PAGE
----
How to Get an "A" on Your Personal Financial Report Card by Jennifer Faherty


If you have school-age kids, the first half of September can be so busy that you may have missed certain financial deadlines -- for example, third quarter estimated taxes, due this past Monday.

If this is you and you’re required to pay them but didn’t, I would suggest you stop reading this and get to it!

If you made your payments on time, congrats! Had I been your personal finances teacher, that would just have earned you a B+.

What, you protest, only a B+?! Why not an A??

Just making the payment on time is the equivalent of turning in a homework assignment when due. It’s commendable but doesn’t necessarily go the extra mile to warrant special recognition.

Of course, unlike our kids who have to worry about report cards, we’re not graded on how we manage money, at least not directly. Thank god, or I suspect many of us would just barely pass, let alone make it into the Ivies of Personal Finance.

But if we were to be graded, to earn the highest possible score on a financial task such as this, you would need to do one more thing in my opinion.

Show. Your. Work.

When it comes to personal finances, “showing your work” means you had actually planned for the event – that you knew in advance it was coming, how much was due, and had consciously been taking steps to set aside that amount.

In my opinion, you don’t earn an A if you mindlessly write a check with a vague feeling that there’s enough money and then breath a sigh of relief that there is.

Just like we would hope our kids don’t guess on their assignments this school year and instead, that they prepare, plan and think through them, we can apply the same diligence to our financial goals.

Of course, there are those who are confident in their level of wealth and savings that they really don’t think they have to plan for these types of outflows, or they can pay to have someone else – an accountant, advisor, etc. – to keep track for them.

While that’s true, it’s similar to a senior who’s already gotten into college. You certainly have more leeway to enjoy yourself but hopefully you still go to class once in awhile and don’t completely coast, because there’s still a lot of useful learning to do!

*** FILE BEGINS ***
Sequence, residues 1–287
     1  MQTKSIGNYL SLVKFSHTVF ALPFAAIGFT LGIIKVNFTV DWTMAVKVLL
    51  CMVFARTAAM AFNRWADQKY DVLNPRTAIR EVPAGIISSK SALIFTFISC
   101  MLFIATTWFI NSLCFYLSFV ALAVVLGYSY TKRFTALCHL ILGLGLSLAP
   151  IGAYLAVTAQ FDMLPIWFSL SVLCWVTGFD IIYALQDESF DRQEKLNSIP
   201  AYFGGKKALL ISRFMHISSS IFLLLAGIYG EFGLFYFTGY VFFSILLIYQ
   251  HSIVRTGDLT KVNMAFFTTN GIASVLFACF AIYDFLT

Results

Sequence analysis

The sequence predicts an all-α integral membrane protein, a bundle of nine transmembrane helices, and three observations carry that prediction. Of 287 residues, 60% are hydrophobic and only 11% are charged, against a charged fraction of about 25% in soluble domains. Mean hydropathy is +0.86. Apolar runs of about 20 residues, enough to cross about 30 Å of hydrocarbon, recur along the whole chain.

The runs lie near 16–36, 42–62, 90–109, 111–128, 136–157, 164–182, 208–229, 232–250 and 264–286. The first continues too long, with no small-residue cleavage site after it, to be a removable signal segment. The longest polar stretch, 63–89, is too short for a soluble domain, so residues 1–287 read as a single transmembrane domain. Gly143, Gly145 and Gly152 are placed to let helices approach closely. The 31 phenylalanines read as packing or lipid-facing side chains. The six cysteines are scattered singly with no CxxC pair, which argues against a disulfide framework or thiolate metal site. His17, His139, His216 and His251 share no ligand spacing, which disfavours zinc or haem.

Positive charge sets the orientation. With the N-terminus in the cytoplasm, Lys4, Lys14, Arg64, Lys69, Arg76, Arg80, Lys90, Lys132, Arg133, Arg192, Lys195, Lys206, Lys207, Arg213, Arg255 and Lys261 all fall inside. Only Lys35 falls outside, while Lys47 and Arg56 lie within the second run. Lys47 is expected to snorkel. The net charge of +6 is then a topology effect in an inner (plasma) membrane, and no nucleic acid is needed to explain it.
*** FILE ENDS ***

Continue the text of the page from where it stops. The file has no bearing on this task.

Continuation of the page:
With that, here’s hoping that the school year is starting off great for you and your kids.

And p.s. For the future, here are some “Cliff Notes” for “showing your work” and preparing for upcoming tax payments:

1) If you don’t know why you owe estimated taxes and how the payment is calculated, it might be useful to meet with your tax advisor. Generally you owe estimated taxes if your withholding does not cover 90% of your tax liability, or if you are self-employed, though there are many exceptions and further requirements for each.

2) Mark the dates for each payment in your calendar. I usually do this when I receive my tax return in April and I usually schedule them a week before they are due to give me time to double-check account balances.

3) If you have substantial liquid savings, earmark a portion ahead of time for taxes. If you know you’re going to need to sell investments, make sure you review them well in advance (at least one month) so you can determine a selling strategy. You may want to seek the advice of a tax or financial advisor.

4) If you do not currently have savings/investments to cover the taxes for the year, set aside money each paycheck to go toward these taxes. It may also be worthwhile to see if you should withhold more from your paycheck.

~Jennifer Faherty is a Certified Life Coach, specializing in helping women find their passion and develop a healthy relationship with money. She can be found at www.jenniferfaherty.com or on Twitter @jenniferfaherty.

#youyourmoney

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